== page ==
Wind Controversy Research Report

by Dianne Saxe on April 3, 2012

Here, on a request, is a link to Renew Canada’s 2011 research report, Wind Controversy in Ontario. The report was intended to be a neutral evaluation of the evidence cited by pro and anti-wind groups. According to the Executive Summary:

The report examined several of the most commonly referenced issues surrounding generating energy from wind including: economic viability, reliability, environmental footprint, and potential health concerns.

Like every form of energy, wind power is not perfect. There are both positive and negative attributes to producing energy from wind. However, the current debate in Ontario has framed wind energy as either a blessing or a curse. Some of the resources used by both sides have been taken out of context. In other cases, the research was poorly conducted or has been sponsored by advocacy groups, which has led to accusations of bias in the research.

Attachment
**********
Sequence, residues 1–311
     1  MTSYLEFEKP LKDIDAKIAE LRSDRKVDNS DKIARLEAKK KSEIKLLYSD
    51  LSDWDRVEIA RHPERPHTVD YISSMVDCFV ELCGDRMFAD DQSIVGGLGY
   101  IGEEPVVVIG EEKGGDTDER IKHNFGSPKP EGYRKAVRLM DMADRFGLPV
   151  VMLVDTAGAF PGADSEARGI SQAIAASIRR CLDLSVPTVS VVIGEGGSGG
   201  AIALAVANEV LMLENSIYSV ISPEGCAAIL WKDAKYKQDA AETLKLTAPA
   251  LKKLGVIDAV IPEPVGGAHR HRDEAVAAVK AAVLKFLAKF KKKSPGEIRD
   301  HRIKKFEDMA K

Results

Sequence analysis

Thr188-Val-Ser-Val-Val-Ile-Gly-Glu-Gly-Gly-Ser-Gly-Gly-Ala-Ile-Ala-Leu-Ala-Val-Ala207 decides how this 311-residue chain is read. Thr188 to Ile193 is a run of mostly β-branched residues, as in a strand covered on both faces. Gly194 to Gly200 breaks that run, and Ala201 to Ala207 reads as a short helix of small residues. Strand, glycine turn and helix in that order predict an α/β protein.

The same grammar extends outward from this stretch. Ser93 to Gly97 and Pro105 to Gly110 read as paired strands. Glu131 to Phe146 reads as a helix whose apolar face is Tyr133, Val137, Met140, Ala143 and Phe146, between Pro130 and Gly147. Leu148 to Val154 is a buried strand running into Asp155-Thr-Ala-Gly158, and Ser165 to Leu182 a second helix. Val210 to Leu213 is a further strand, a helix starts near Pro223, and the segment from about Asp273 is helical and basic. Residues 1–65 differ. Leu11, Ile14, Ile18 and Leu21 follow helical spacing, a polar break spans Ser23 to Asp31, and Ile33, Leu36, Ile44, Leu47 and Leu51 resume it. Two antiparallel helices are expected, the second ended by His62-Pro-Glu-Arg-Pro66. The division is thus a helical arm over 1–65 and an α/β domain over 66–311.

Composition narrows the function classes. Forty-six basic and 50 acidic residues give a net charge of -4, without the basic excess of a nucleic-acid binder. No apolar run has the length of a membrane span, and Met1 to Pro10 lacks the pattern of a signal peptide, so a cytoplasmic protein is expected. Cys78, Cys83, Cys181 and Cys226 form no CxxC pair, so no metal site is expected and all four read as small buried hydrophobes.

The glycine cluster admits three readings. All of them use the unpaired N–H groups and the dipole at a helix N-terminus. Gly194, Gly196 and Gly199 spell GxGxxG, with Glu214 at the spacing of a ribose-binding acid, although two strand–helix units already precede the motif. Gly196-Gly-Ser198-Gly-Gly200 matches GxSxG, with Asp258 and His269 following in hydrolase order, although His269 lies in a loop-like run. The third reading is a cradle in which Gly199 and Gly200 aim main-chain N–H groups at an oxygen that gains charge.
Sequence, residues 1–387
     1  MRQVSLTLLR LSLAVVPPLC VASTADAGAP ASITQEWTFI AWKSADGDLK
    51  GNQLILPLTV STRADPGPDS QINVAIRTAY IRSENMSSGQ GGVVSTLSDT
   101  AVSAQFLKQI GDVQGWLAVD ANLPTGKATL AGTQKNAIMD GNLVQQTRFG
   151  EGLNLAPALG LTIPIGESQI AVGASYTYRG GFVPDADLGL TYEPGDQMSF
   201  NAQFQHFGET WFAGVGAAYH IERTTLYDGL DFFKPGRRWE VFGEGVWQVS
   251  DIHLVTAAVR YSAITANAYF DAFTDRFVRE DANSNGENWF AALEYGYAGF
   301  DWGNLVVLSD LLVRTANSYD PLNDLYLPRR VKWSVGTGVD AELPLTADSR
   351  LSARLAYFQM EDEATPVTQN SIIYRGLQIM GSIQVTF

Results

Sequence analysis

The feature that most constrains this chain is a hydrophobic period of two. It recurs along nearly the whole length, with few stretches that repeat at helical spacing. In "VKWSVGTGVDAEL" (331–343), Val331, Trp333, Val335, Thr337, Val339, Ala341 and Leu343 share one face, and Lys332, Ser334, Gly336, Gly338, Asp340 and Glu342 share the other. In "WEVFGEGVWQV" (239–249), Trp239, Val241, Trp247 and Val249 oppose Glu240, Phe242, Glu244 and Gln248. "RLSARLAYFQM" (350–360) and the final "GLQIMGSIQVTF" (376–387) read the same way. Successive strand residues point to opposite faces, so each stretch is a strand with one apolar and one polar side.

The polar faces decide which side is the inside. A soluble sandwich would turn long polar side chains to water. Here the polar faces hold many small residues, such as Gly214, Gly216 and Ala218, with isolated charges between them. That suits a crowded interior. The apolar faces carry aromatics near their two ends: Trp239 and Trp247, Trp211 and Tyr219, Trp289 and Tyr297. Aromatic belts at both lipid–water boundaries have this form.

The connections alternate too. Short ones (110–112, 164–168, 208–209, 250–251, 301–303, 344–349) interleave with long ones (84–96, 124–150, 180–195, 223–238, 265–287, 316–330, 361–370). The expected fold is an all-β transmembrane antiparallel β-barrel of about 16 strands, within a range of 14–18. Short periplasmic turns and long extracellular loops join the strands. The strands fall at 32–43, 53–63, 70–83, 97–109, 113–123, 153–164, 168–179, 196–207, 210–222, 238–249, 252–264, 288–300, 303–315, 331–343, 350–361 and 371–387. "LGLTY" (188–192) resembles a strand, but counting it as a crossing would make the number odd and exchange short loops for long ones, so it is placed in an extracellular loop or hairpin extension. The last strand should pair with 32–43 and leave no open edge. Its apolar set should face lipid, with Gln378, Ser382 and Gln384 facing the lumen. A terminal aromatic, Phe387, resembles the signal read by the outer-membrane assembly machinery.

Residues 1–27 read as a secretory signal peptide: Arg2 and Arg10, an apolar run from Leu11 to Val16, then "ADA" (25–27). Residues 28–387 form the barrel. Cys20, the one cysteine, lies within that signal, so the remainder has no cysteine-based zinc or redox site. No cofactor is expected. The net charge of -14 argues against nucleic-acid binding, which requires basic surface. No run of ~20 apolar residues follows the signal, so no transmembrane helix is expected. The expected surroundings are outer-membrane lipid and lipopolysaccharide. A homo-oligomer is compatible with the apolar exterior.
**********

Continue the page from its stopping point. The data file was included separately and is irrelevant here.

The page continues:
Even so, the considerable volume of independent research that exists demonstrates that the arguments made in favour of wind are considerably more supported than those against it. This report demonstrates that the arguments made against wind, specifically the potential impact on the environment, human health, and the economics of wind power, are not supported by the available resources.

However, as in the case with most issues, the findings are not black and white. For instance, projects located in internationally recognized Important Bird Areas, as defined by Bird Life International, can have the potential to negatively impact the local environment. While wind power can be of net benefit to the environment and the public, regulators must pay more attention to project locations.

 

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